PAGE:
}

@article{Ledeniov:1998:DCS,
  journal = {Journal of Artificial Intelligence Research},
  year = {1998},
  title = {The Divide-and-Conquer Subgoal-Ordering Algorithm for Speeding up Logic Inference},
  pages = {37--97},
  author = {Oleg Ledeniov and Shaul Markovitch},
  volume = {9},
  keywords = {Speedup Learning},
  secondary-keywords = {Logic Programming, Learning to Order, Decision Trees},
  journalurl = {http://www.jair.org/abstracts/ledeniov98a.html},
  url = {http://www.cs.technion.ac.il/~shaulm/papers/pdf/Ledeniov-Markovitch-jair1998.pdf},
  abstract = {It is common to view programs as a combination of logic and control: the logic part defines what the program must do, the control part -- how to do it. The Logic Programming paradigm was developed with the intention of separating the logic from the control. Recently, extensive research has been conducted on automatic generation of control for logic programs. Only few of these works considered the issue of automatic generation of control for improving the efficiency of logic programs. In this paper we present a novel algorithm for automatic finding of lowest-cost subgoal orderings. The algorithm works using divide-and-conquer strategy. The given set of subgoals is partitioned into smaller sets, based on co-occurrence of free variables. The subsets are ordered recursively and merged, yielding a provably optimal order. We experimentally demonstrate the utility of the algorithm by testing it in several domains, and discuss the possibilities of its cooperation with other existing methods.},
}

@article{Finkelstein:1998:SML,
  journal = {Journal of Artificial Intelligence Research},
  year = {1998},
  title = {A Selective Macro-learning Algorithm and its Application to the NxN Sliding-Tile Puzzle},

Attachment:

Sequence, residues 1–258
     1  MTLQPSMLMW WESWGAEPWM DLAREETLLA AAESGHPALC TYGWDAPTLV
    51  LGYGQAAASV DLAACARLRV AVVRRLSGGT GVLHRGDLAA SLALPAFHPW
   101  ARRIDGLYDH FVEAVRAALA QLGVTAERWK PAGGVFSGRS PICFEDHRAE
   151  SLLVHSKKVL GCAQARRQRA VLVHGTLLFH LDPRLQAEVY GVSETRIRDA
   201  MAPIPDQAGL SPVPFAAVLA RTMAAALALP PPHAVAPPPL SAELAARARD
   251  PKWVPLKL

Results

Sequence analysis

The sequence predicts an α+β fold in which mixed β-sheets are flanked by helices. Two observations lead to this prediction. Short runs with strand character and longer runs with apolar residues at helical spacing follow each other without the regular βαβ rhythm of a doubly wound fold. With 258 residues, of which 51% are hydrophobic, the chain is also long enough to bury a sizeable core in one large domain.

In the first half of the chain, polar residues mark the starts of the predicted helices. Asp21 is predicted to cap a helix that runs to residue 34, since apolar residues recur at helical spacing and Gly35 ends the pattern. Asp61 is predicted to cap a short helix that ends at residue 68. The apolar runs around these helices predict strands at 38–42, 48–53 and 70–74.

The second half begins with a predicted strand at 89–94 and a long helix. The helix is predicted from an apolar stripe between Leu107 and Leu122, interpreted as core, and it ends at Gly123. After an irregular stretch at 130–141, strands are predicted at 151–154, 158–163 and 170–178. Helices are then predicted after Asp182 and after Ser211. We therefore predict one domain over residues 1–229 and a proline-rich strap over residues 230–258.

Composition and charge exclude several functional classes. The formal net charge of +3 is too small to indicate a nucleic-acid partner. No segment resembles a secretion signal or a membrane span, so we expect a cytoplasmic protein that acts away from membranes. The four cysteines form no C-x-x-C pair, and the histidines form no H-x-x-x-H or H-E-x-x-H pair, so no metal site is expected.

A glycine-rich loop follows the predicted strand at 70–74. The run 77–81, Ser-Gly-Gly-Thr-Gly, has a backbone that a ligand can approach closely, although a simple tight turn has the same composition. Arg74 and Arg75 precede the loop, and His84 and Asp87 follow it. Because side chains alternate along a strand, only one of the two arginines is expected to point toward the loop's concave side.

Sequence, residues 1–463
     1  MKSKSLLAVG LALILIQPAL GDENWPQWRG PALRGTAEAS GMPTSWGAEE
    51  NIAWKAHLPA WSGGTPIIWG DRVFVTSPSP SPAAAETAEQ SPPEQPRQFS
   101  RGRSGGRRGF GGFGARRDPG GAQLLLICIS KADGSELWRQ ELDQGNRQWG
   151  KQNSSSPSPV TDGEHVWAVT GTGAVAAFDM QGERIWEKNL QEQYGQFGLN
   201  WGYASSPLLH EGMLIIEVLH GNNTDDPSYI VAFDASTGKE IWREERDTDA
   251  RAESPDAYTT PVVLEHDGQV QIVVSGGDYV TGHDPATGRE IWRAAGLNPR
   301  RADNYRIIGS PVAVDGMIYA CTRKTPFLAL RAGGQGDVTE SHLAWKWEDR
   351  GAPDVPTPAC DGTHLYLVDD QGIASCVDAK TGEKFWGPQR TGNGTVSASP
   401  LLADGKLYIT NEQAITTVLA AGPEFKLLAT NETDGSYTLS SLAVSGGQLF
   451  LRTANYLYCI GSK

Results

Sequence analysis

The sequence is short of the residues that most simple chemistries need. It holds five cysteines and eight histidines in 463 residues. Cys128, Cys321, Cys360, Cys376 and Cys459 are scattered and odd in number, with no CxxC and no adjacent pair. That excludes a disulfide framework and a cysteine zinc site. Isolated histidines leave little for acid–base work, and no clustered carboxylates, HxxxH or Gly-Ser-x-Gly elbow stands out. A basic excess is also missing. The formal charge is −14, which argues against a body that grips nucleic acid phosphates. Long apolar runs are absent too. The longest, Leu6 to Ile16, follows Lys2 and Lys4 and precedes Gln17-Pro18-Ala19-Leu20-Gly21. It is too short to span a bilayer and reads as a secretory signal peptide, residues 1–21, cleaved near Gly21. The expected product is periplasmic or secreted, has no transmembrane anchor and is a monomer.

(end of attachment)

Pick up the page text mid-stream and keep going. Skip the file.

pages = {223--263},
  author = {Lev Finkelstein and Shaul Markovitch},
  volume = {8},
  keywords = {Speedup Learning, Macro Learning, Selective Learning, Active Learning},
  secondary-keywords = {Heuristic Search, Deductive Learning, Explanation-Based Learning},
  journalurl = {http://www.jair.org/abstracts/finkelstein98a.html},
  url = {http://www.cs.technion.ac.il/~shaulm/papers/pdf/Finkelstein-Markovitch-jair1998.pdf},
  abstract = {One of the most common mechanisms used for speeding up problem solvers is macro-learning. Several methods for acquiring macros have been devised. The major problem with these methods is the vast number of macros that are available for learning. To make macro learning useful, a program must be selective in acquiring and utilizing macros. This paper describes a general method for selective acquisition of macros. Solvable training problems are generated in increasing order of difficulty. The only macros acquired are those that take the problem solver out of a local minimum to a better state. The utility of the method is demonstrated in several domains, including the domain of NxN sliding-tile puzzles. After learning on small puzzles, the system is able to efficiently solve puzzles of any size.},
}